wheel. Self-hardening clays are fine. Fire/oven-cured and corn starch clay could be
         accepted. Items can include, but are not limited to, clay statues, bowls, jewelry, etc.
         Pre-formed ceramics are not eligible for State Fair exhibit.




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Wood - Any original item made of wood (wood carving, sculpture, collage, wood burning, etc.).
       Utilitarian wood items made from patterns or kits (e.g. outdoor or indoor furniture,
       shelves) should not be entered in visual arts. (Popsicle stick crafts are not acceptable
       for State Fair entry.) Wood items that have been partially or totally created through
       the use of laser cutting programs/devices should be entered in Computer-
       Generated Art.

Chalk/Carbon/Pigment - Any original art work done with pencils, chalk, pens, ink,
       paint, charcoal, dyes, etc. This would include all painting, sketching,
       drawing, cartooning, printing, etc. Note: Please enter painting on wood,
       metal, textiles, stones in Heritage Arts. Painted and/or glazed pre-formed
       ceramics and painted porcelain dolls are not eligible for State Fair
       exhibit.

Glass/Plastic - Any original item made of glass or plastic. Possible items to exhibit include
        stained glass, etched glass (original design), mosaics made of glass, glass beading,
        plastic jewelry (friendly plastic). Interlocking building block creations and stepping
        stones or wall hangings that include cement decorated with glass or plastic items
        are not suitable for State Fair entry.

Metal - Any original item made of metal such as sculpture, tin punch,
       engraved metal, and jewelry. Items intended for industrial use (as
       tools and/or shop items made from patterns) are not considered
       part of this Visual Arts project. Metal items that have been
       partially or totally created through the use of laser cutting
       programs/devices should be entered in Computer-Generated Art.



Nature - Any original item made of natural material such as wreaths, corn husk dolls, etc.
       Items should be made of natural materials (which may be purchased) but securing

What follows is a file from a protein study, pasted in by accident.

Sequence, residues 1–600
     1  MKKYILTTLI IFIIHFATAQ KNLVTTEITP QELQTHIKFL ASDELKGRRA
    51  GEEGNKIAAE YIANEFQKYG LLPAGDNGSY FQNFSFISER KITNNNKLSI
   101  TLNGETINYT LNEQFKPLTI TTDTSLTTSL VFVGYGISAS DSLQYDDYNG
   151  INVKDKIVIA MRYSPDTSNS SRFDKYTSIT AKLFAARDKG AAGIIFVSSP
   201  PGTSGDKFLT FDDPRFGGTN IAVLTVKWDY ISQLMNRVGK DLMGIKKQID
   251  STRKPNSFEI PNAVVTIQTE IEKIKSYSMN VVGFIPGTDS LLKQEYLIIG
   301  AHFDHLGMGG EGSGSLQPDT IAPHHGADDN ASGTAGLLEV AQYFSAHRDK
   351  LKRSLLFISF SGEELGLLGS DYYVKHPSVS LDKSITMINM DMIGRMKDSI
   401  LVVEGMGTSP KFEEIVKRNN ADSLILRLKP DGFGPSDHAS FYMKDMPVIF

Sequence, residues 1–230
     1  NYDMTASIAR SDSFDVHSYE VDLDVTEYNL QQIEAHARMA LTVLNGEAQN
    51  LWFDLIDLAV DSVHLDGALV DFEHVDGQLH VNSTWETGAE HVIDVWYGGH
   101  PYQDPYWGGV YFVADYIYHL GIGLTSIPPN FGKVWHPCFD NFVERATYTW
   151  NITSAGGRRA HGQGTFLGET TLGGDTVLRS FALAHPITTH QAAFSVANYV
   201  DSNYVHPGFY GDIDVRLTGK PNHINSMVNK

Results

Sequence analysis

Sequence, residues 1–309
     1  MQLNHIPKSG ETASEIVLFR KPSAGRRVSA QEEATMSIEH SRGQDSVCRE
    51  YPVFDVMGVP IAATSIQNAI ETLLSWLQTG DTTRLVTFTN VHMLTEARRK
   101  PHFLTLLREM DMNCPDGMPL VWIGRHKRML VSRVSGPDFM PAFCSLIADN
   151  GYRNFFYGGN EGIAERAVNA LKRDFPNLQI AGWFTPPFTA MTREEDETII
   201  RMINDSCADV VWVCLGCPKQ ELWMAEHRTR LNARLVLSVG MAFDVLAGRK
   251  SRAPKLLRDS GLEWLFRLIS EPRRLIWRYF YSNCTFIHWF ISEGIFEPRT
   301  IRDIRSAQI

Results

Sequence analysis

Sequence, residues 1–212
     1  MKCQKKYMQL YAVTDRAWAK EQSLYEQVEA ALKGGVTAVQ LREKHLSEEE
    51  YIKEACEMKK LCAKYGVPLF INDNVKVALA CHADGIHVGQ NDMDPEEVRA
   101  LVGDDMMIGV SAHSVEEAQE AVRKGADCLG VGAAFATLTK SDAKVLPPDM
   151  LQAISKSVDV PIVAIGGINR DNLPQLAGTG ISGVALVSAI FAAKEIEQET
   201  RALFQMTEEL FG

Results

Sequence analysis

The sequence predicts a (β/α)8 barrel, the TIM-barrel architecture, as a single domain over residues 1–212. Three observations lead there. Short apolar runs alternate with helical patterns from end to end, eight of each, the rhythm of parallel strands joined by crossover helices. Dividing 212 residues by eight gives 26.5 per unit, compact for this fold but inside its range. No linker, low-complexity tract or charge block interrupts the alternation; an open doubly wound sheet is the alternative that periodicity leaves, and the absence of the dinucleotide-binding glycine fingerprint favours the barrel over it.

elements such as glue and wire may be used in the inner construction as long as they do
       not detract from the overall "natural" appearance. Articles such as dried pressed
       flowers may be displayed under glass since it is necessary for protection/preservation
       of the natural materials. Candles and baskets should be entered in the Heritage Arts
       class.

Three Dimensional Design/Mixed Media – Art pieces in this class must be comprised of at
       least three different media. No one medium can make up more than 40% of a piece.
       The piece should be free-standing (not meant to be hung) that is observable on at
       least three different sides. Originality and design are important concepts. Craft and
       pre-formed or assembled projects are not acceptable.




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Heritage Arts – Exhibit a traditional art learned from another person or from a pattern (no
       kits). Cross-stitched, crocheting and knitted items by pattern must be entered in this
       class (machine knitted items are not acceptable). Other possibilities include:
       needlepoint, counted cross stitch, crewel, embroidery, cut work, hardanger, macramé,
       baskets, candles, pysanki (decorated eggs), leather, quilts from a traditional pattern,
       traditional handmade dolls with handmade costumes, decorative painting on wood,
       metal, fiber, or candles. All baskets should be entered in Heritage Arts.